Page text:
Accuracy in Media

Accuracy in Media mobilized two billboards to follow two of Berkeley Law School’s biggest antisemites home and hold them accountable even off campus.

AIM’s mobile billboards hit the road in both Plano and Fort Worth, Texas, paying a visit to Cecily Kruger of the Women of Berkeley Law and Maryam Alkahim of the Berkeley Law Muslim Student Association.

Alkahim and Kruger are two of the students whose organization’s signed on to a bylaw at the beginning of the 2022 school year that was introduced by Berkeley Law Students for Justice in Palestine. The bylaw bans speakers who support “Zionism, the apartheid state of Israel, and the occupation of Palestine.”

The antisemitic bylaw, adopted by nine different student organizations, effectively created “Jew-free zones” on the school’s campus. It was branded as a “BDS victory” by the introducing organization.

Signatories include the Berkeley Law Muslim Student Association, Middle Eastern and North African Law Students Association, Womxn of Color Collective, Asian Pacific Law Students Association, Queer Caucus, Women of Berkeley Law, Law Students of African Descent, and Community Defense Project.

The move was swiftly condemned by more than 30 Jewish and pro-Israel organizations, which slammed it as “unabashed antisemitism.” Further, More than 150 student groups from universities spanning the country signed an open letter similarly condemning the ban. 

However, the school itself has yet to condemn the actions of the student groups, with some chalking it up to simply viewpoint differences. 

“A student group has the right to choose the speakers they invite on the basis of viewpoint,” Dean of the University of California Berkeley School of Law Erwin Chemerinsky said last month. “Jewish law students don’t have to invite a Holocaust denier. Black students don’t have to invite white supremacists. If the women’s law association is putting out a program on abortion rights, they can invite only those who believe in abortion rights.”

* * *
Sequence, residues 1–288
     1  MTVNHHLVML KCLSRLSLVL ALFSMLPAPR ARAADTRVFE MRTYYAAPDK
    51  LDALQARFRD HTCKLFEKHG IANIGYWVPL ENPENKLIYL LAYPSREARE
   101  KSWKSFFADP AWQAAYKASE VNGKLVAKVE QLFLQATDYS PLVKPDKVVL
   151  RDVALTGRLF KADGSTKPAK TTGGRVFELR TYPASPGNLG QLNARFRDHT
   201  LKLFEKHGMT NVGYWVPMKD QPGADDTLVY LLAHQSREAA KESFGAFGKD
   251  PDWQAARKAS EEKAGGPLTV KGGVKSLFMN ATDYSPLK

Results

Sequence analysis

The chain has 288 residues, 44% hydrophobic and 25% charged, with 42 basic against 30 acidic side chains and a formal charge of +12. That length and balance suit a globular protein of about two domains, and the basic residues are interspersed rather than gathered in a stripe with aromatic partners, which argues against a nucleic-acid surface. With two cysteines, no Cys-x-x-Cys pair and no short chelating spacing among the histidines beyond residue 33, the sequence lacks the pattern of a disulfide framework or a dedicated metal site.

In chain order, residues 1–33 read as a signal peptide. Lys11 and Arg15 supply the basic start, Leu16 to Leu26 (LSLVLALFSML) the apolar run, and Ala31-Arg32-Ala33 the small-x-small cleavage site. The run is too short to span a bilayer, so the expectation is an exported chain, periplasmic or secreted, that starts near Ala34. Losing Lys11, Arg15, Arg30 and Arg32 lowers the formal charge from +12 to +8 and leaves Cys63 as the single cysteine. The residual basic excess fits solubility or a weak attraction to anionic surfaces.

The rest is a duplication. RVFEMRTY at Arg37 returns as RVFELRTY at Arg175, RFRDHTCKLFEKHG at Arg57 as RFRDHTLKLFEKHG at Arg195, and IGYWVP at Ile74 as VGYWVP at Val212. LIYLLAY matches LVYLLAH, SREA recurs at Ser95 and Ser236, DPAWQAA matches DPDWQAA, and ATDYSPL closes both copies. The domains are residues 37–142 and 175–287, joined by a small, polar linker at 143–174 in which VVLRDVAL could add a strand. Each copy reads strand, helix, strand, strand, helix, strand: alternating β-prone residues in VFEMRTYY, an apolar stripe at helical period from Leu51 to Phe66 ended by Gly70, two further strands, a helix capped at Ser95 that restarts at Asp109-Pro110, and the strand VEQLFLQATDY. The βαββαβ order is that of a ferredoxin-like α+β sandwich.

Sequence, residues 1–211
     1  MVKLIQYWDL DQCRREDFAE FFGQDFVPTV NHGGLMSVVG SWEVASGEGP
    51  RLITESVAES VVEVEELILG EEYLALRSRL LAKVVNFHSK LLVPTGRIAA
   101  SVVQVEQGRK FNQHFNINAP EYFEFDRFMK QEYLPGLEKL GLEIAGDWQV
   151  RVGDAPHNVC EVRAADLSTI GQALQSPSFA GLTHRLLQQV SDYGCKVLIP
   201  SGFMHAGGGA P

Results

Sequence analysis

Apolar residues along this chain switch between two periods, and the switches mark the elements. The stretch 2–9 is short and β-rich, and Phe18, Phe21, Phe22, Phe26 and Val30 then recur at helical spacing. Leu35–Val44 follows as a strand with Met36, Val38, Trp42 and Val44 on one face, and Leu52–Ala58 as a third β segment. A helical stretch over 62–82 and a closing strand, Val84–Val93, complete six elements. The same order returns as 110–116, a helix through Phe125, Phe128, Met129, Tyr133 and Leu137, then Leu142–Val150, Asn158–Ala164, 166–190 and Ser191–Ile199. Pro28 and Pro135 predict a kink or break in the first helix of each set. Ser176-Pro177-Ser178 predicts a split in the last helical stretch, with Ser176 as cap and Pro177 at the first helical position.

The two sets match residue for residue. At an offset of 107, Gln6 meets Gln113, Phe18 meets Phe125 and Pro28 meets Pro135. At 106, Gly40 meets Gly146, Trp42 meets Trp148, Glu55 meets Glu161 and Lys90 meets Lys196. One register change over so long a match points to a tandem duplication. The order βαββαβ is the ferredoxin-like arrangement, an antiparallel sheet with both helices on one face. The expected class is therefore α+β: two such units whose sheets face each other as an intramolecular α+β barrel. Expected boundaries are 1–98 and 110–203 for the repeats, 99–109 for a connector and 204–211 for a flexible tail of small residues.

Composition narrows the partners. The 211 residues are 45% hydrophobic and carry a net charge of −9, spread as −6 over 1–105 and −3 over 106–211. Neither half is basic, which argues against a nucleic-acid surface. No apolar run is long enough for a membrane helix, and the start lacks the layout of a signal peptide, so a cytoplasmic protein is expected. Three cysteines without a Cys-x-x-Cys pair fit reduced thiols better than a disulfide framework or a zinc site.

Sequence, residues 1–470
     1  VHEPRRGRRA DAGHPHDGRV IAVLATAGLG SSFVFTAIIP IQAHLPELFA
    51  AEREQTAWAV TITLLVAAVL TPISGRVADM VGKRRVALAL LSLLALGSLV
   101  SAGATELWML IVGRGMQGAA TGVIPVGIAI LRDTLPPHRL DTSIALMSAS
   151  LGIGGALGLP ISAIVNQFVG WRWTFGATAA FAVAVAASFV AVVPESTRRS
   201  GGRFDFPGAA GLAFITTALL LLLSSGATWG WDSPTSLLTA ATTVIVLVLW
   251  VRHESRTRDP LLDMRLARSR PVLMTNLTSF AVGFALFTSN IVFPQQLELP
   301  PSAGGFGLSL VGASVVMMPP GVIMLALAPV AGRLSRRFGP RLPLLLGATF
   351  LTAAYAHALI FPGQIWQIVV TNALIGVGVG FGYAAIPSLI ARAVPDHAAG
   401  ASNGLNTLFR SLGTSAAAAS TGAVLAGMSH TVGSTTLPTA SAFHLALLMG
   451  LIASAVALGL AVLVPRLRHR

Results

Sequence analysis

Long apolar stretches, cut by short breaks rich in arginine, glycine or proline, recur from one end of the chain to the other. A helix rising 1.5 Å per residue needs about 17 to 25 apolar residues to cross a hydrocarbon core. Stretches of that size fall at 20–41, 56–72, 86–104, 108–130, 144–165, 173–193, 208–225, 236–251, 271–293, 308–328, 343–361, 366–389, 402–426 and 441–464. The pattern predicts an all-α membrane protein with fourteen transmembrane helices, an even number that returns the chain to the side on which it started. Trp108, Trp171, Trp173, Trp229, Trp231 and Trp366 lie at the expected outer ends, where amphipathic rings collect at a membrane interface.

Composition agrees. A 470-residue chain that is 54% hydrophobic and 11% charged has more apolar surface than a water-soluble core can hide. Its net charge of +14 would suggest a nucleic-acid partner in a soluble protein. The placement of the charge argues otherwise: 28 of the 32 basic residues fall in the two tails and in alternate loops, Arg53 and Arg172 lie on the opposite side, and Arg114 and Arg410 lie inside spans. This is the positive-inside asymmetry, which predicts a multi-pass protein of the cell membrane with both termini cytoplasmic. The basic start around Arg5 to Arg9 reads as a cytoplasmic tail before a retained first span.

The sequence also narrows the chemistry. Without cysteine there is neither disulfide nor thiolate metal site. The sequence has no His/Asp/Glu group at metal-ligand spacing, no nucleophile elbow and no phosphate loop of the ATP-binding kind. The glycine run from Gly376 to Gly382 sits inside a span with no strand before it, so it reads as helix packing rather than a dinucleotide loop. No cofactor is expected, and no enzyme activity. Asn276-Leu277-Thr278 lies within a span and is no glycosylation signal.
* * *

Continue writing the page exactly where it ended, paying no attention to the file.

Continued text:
Chemerinsky is both Jewish and a Zionist, and did express concern over the move in an op-ed, noting that “It is very troubling to broadly exclude a particular viewpoint from being expressed.” 

Upon learning of the organizations’ move and the school’s ambivalence towards it, AIM in October launched a mobile billboard campaign on campus. The billboard featured a photo of Adolf Hitler, the perpetrator of the Holocaust which saw the execution of more than six million Jewish people, saluting with his right hand. “All in favor of banning Jews, raise your right hand,” it read. 

“We do not know if these organizers openly support genocide or are just led by ignorant fools. But we do know that antisemitism has no place in our society,” Adam Guillette, president of Accuracy in Media, said at the time. 

AIM didn’t stop there. It then rolled out the first “Berkeley Law’s Anti-Semitic Class of 2023” billboards on campus, naming names. 

When Guillette visited the campus to speak with students, he was met with hostility by antisemitic students who still stand by the ban. Jewish students, however, expressed fear. 

 




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